TV review by
Melissa Camacho, Common Sense Media
Cuckoo TV Poster Image
Adult kids return home, wreak havoc in British sitcom.

Parents say

No reviews yetAdd your rating

Kids say

age 12+
Based on 1 review

Did this review miss something on diversity?

Research shows a connection between kids' healthy self-esteem and positive, diverse representations in books, TV shows, and movies. Want to help us help them? Suggest a diversity update

A lot or a little?

The parents' guide to what's in this TV show.

Positive Messages

Parents manage adult children's needs, bad choices, and expectations.

Positive Role Models & Representations

Cuckoo slacks, the family enables their daughter.


Arguments, slapping, glass breaking, occasional injuries, one (humorous) death.


Strong innuendo, crude references to genitals. Nudity  but(no visible private parts).

Drinking, Drugs & Smoking

Beer, wine, champagne; getting/being high a theme.

What parents need to know

Parents need to know that Cuckoo is a British comedy about adult kids moving back in with their parents. Older teens will find it funny, and the presence of SNL's Andy Samberg is also a draw. It contains some adult themes, cursing, some sexual innuendo and a little nudity, plus lots of references to getting high. Mild arguments are frequent, and on occasion people get slapped, break glass, and get hurt.

User Reviews

  • Parents say
  • Kids say

There aren't any reviews yet. Be the first to review this title.

Teen, 14 years old Written byTom04 January 17, 2019

The First is amazing but gets worse

Very sweary and funny. But of incest. It’s good but gets a bit boring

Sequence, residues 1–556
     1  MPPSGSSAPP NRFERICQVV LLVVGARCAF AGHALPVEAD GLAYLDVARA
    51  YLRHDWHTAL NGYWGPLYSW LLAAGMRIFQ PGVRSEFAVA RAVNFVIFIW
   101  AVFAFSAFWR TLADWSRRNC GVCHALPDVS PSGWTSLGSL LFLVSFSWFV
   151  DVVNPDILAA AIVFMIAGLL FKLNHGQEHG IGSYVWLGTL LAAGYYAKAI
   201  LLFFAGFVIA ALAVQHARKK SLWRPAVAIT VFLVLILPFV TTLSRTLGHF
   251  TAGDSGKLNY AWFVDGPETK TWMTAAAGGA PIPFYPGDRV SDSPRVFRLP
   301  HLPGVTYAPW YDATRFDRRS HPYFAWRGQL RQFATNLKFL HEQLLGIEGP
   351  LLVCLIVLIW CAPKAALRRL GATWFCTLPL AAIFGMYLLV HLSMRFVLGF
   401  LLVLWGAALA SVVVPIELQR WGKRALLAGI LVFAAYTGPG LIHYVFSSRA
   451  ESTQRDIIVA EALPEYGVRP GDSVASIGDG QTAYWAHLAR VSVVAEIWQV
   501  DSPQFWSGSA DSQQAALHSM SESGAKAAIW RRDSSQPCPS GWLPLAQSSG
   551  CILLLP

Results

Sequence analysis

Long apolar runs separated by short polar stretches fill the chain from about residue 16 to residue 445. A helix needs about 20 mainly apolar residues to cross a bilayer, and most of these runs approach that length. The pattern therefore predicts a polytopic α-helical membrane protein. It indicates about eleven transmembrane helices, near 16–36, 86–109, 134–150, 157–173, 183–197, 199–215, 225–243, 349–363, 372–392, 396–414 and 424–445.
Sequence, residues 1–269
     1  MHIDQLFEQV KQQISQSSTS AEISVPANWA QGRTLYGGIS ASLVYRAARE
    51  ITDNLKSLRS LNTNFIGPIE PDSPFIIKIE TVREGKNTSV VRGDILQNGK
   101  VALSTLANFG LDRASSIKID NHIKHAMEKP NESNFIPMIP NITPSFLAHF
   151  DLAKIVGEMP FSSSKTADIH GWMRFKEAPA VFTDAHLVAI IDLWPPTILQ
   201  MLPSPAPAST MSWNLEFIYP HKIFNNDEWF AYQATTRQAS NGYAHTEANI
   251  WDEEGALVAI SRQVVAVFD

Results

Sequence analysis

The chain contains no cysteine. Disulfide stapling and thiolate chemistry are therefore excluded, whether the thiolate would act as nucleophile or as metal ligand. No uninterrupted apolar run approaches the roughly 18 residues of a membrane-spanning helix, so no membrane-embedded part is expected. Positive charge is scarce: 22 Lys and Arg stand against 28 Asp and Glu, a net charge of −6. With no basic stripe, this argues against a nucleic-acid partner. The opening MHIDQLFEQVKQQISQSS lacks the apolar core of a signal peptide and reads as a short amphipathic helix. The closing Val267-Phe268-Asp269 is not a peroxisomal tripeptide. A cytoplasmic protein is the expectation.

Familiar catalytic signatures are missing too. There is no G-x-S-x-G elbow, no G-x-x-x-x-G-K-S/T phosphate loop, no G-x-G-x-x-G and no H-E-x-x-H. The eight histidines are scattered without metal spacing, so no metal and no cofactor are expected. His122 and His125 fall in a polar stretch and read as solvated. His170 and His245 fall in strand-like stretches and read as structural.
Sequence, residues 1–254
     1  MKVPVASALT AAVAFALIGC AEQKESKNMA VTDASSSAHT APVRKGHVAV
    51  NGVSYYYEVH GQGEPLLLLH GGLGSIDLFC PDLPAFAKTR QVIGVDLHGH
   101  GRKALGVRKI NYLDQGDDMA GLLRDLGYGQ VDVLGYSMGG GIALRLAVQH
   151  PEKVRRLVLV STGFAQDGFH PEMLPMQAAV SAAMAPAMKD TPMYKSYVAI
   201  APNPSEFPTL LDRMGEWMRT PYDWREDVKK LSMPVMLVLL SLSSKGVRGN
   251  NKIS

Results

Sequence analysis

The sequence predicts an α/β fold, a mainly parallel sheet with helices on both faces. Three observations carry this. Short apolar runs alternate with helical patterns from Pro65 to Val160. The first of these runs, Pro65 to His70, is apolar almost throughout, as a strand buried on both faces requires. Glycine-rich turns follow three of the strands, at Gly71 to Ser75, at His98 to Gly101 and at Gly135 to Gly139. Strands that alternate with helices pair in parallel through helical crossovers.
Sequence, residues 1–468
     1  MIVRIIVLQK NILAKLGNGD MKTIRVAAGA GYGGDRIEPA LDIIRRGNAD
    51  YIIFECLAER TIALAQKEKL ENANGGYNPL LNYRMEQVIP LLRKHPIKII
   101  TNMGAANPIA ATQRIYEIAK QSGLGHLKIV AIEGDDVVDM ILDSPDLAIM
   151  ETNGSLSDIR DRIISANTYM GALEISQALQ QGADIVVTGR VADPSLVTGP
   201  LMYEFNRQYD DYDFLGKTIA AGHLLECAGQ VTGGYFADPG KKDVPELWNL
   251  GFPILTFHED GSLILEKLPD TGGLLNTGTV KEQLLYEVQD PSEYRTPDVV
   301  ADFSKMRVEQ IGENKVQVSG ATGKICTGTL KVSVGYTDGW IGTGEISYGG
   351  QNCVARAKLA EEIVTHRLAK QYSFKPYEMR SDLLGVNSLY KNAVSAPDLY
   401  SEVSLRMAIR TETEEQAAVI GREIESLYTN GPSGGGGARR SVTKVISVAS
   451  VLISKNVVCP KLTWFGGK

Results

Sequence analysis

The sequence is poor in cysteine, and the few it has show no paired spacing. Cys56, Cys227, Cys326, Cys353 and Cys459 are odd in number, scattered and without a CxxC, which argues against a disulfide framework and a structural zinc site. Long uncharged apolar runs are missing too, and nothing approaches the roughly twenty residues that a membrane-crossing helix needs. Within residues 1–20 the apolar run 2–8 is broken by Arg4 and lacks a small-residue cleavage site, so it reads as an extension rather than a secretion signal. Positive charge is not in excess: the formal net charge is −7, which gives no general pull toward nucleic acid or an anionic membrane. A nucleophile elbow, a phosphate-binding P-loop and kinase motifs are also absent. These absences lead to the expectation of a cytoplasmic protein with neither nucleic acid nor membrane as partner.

What's the story?

The British comedy series CUCKOO follows the life of a family turned upside down by the appearance of a New Age slacker. Ken (Greg Davies) and Lorna Thompson (Helen Baxendale) are excited about the return of their daughter Rachel (played by Tamla Karl, and later Esther Smith), who spent her gap year abroad before beginning medical school. To their surprise, she shows up with a new husband, Dale "Cuckoo" Ashbrick (Andy Samberg), an eccentric, unemployed, narcissistic American who dedicates his life to thinking about how to make the world better and getting high. Despite his reservations, Ken agrees to let them live at home, much to the dismay of Rachel's teen brother, Dylan (Tyger Drew-Honey). As they try to adapt to the new family dynamic, things continue to get weirder, and lead to more unexpected events.

Is it any good?

This decidedly British series takes an extreme but humorous look at what life can be like when adult children return home. It highlights some of the struggles parents have when trying to balance their desire to be supportive with their desire to push them to grow up, make responsible choices, and be able to fend for themselves.

Granted, the premise of the show can only take the story so far. But later episodes feature lots of changes, including cast members like Twilight's Taylor Lautner, and unexpected, zany twists. British comedy fans will enjoy it, and parents on both sides of the pond will appreciate some of the dilemmas presented.

Talk to your kids about ...

  • Families can talk about what it is like for adult children to move back home. What are some of the challenges for parents? What about for the grown-up kids? Why do you think this practice is becoming more common?

  • TV shows produced in another country often contain things that U.S. television won't show or say, and vice versa. Why? Is it because of the differences in culture? Different laws? Or different audience expectations?

TV details

Our editors recommend

For kids who love British comedy

Common Sense Media's unbiased ratings are created by expert reviewers and aren't influenced by the product's creators or by any of our funders, affiliates, or partners.

See how we rate

Streaming options powered by JustWatch

About these links

Common Sense Media, a nonprofit organization, earns a small affiliate fee from Amazon or iTunes when you use our links to make a purchase. Thank you for your support.

Read more

Our ratings are based on child development best practices. We display the minimum age for which content is developmentally appropriate. The star rating reflects overall quality.

Learn how we rate